Nov 26, 2020
COVID-19 Vaccines: Accessible or not?

The development of COVID-19 vaccines has been taking place at record speed worldwide, at the time when it remains unclear if these newly developed vaccines, once approved, will be accessible by those who need them everywhere.
According to the latest version of the WHO’s Draft Landscape of COVID-19 Candidate Vaccines, dated 12 November 2020, 8 vaccines under clinical trials have reached Phase III of clinical trials.[1] Global headlines have focused on three of those, namely the ones developed by Oxford AstraZeneca, Pfizer BioNTech and Moderna. However, more data is still needed about the design and results of these clinical trials.
Vaccine development: an incomplete picture?
This fierce global competition between developers necessitates a rather scrutinised reading by scientific circles, as well as the public, in order to fill in the gaps of unanswered questions.   Unfortunately, vaccine developers have been communicating updates through press releases, leaving many questions unanswered in terms of how the vaccines will affect the course of the pandemic.[2] For example, some key groups have been excluded from vaccine trials conducted by AstraZeneca, Moderna and Pfizer, namely children and adolescents, immunocompromised patients and pregnant or breastfeeding women. Besides, two more important factors have not been included: reduction in the severity of COVID-19, in the form of hospital admission, need for intensive care units (ICU), or death; and interruption of transmission, that is, person to person spread.[3]
Vaccine developers’ announcements, have, on the other hand, focused on positive aspects awaited by the public such as effectiveness and production capacity. The Oxford AstraZeneca vaccine has been announced to have up to 90% efficacy.[4] It has also reduced the severity of the disease, according to the University of Oxford website.[5]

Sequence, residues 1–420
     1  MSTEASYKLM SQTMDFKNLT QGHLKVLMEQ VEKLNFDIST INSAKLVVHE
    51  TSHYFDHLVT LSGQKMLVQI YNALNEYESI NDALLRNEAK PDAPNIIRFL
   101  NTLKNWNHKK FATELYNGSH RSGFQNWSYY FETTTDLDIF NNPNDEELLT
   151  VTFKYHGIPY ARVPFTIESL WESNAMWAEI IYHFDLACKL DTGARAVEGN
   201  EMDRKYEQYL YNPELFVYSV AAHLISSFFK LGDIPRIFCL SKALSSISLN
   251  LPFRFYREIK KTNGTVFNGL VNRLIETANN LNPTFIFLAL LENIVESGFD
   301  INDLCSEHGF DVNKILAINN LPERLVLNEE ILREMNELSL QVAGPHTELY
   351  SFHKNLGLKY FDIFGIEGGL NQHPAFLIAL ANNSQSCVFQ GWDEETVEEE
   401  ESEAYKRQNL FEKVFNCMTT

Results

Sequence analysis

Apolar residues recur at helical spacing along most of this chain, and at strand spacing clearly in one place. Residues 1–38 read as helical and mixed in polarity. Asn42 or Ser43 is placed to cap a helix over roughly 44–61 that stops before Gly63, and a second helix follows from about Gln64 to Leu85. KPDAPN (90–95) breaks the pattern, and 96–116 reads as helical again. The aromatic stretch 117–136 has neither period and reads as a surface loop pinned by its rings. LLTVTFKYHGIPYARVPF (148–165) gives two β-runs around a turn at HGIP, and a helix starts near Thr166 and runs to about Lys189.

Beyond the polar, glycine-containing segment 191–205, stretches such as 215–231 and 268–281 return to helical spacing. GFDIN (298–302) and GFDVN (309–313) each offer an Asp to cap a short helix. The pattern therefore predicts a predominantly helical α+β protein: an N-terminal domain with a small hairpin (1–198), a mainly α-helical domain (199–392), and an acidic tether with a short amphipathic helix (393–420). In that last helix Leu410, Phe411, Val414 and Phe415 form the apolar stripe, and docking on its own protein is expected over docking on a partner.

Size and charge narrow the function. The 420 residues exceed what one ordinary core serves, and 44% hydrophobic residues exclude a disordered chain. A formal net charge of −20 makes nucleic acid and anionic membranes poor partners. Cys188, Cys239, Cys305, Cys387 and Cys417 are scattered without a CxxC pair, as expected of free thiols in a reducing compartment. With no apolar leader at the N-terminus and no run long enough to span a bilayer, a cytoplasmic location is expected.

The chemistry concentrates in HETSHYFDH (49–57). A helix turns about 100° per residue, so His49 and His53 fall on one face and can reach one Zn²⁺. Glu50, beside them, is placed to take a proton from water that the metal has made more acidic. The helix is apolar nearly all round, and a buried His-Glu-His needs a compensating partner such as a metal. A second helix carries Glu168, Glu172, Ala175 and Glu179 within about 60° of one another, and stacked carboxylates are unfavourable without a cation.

In the meantime, Pfizer announced on its website that its vaccine demonstrates 95% effectiveness against COVID-19, consistent across age, gender, race and ethnicity demographics, and that it expects to produce globally up to 50 million vaccine doses in 2020, and up to 1.3 billion doses by the end of 2021.[6]
Moderna’s vaccine is publicised as 94.5% efficacious.[7] The company expects to ship approximately 20 million doses of its vaccine in the USA by the end of 2020, and will manufacture 500 million to 1 billion doses globally in 2021.[8] Moderna will apply for an Emergency Use Authorization (EUA) with U.S. Food and Drug Administration (FDA) in the coming weeks, according to its press release.[9]
The logistical aspects of vaccination have been concerning specialised circles of researchers and clinicians. According to the WHO’s target product profiles for covid-19 vaccines, there are certain standards which need to be met including the ability of the vaccine to withstand higher storage temperatures and to have higher thermostability, since this will greatly enhance vaccine distribution and availability.[10] With this in mind, the Oxford AstraZeneca vaccine is being promoted as can be stored at ‘fridge temperature’ (2-8 °C) and distributed across a wide variety of healthcare systems.[11] On the contrary, the Pfizer and BioNTech vaccine, for instance, requires ultracold storage  (reaching -70°C) which might be a logistical obstacle in many places.[12]
Global access initiatives: will they succeed?
Last April, the WHO launched an initiative to support the development of tests, treatments and vaccines needed globally, called Access to COVID-19 Tools Accelerator (ACT Accelerator). The vaccines pillar of the ACT Accelerator, named COVAX, seeks to ensure the equitable distribution of vaccines in all countries with the aim of having 2 billion doses available by the end of 2021.[13] In theory, through COVAX, all participating countries, regardless of their income level or purchasing power, will have equal access to these vaccines once they are developed. In other words, the COVAX system seeks to include all countries unable to afford vaccines, by boosting their purchasing power through a single procurement platform.[14]